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Potassium

An Ally in the Battle to Lower Blood Pressure

It is of concern that a third of all adults in the United States have elevated blood pressure. High blood pressure is a major cause of heart attacks and strokes. Although blood pressure can be reduced with medications, these have known risks and side effects.

It is much better to lower your blood pressure (or even better prevent its rise) by adopting healthy patterns of living: weight reduction, regular exercise, good quality sleep, good nutrition, and stress reduction.

When patients come to me to discuss possible surgery they are sometimes surprised when I ask them about their nutritional and exercise history. One might ask, “What does this have to do with plastic surgery?” My simple answer, “Everything!”

First of all people with excellent patterns of nutrition and exercise that undergo surgery have fewer complications and recover more quickly than people without these benefits. Second, it helps me with my research into the healthy patterns that lead to optimum existence even at quite advanced age. Third, if a patient needs to change certain habits, a date for surgery can be a wonderful motivator to quit smoking, lose a certain number of pounds, or eat more foods rich in antioxidants. I have also found that the time around surgery can be a powerful inflection point for permanent habit change.

One of the reasons that so many Americans have high blood pressure is excess sodium (aka salt) in the diet. In fact the average US adult consumes over twice the recommended amount of sodium on a daily basis. As I have discovered, it is difficult indeed to bring your sodium intake to a healthy level. This is because salt is everywhere in our diet: processed foods contain huge amounts of sodium, and our taste buds have become so distorted by our salt rich environment that restaurants must put an abundance of salt in their food to avoid the risk of being labeled “bland.”

It is possible to take action to bring our relationship with sodium to healthy levels. Sodium in itself is not unhealthy; in fact a certain amount of it is necessary for our bodies to function normally. Several of my friends who dine regularly at certain restaurants get to know the chef and ask him to reduce the amount of salt that is served in the dishes they order. Of course it is essential to avoid fast food and processed food. It is easier when you do your own cooking, since then the salt issue truly is in your own control. This is much easier now that the labels on food in the grocery store must specify the sodium level. Always make sure you check the serving size, since this may be made artificially low which makes the sodium content appear weaker. A can of soup, for example, may be listed as two servings, so that if the sodium content is listed at 800mg in a serving, that can delivers a whopping 1600 mg, which is essentially the entire daily recommended intake!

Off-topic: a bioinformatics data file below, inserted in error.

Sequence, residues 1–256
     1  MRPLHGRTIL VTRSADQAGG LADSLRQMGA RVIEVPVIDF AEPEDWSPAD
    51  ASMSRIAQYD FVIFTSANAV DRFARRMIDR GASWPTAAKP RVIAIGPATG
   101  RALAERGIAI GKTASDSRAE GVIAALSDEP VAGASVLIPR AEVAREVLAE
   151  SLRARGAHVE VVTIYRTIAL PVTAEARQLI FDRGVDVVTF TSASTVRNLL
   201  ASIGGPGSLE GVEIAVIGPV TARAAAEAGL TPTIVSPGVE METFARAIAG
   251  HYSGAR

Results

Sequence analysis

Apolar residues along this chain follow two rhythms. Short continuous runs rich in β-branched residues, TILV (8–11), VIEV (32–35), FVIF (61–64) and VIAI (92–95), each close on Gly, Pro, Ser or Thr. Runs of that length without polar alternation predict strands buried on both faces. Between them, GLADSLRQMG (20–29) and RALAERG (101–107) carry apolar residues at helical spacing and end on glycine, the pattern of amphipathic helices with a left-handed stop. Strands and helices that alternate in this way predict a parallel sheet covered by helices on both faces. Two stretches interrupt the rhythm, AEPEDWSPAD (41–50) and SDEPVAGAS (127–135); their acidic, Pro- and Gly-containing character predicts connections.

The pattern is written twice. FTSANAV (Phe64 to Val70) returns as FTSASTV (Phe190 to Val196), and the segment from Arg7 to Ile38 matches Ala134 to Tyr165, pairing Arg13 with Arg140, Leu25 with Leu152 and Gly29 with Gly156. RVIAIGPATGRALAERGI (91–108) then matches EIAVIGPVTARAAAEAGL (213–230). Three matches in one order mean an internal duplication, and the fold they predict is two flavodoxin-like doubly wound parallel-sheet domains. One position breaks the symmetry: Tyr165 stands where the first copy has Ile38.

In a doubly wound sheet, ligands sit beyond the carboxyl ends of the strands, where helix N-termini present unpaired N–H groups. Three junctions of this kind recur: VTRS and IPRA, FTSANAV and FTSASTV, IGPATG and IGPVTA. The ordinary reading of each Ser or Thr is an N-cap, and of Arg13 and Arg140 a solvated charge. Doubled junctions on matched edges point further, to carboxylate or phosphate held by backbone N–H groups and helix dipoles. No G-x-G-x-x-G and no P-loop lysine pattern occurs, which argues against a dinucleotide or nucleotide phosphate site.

Another useful trick that is not yet widely appreciated is to increase the amount of potassium in the diet. The kidneys are charged with maintaining the levels of sodium and potassium in the bloodstream. If you increase the amount of potassium in the diet, this will make its way into the bloodstream, which automatically causes the kidneys to excrete more sodium in the urine.

A diet that is relatively low in sodium and high in potassium would seem to be the ideal solution. Foods that you should avoid have high sodium and low potassium content. Examples include cheese, processed foods, fast food, and most soups. The best foods with low sodium and high potassium happen to be some of the most nutritious. Fruits and vegetables, milk, and yoghurt are all in this category.

One caveat: if you have a serious medical condition, especially any element of kidney failure, please check with your doctor before boosting your potassium intake.

Current food labels do not list potassium content, so it is necessary to do a little homework if you are looking for the foods with the highest potassium. Here is one helpful list I found on the healthaliciousness.com website. They ranked the top 10 foods for potassium in descending order: white beans, spinach and other dark leafy beans, baked potatoes with skin (but watch the carbs), dried apricots, baked acorn squash, yoghurt, salmon, avocados, mushrooms, and bananas. Not an unpleasant list, at least for me.

Last year a landmark study, Sodium and Potassium Intake and Mortality Among US Adults, was published in the July 11, 2011 issue of the Archives of Internal Medicine. The take home message from this study is that a diet high in sodium and low in potassium is associated with a doubling of the risk of heart attack and a 25% increase in the risk of death from any cause.

Although this study doesn’t prove a direct cause and effect (to do so you would have feed groups of people different ratios of sodium and potassium and follow them for many years to see which group died off the most), this evidence is good enough for me.

I’m eating more bananas and other wonderful foods rich in potassium.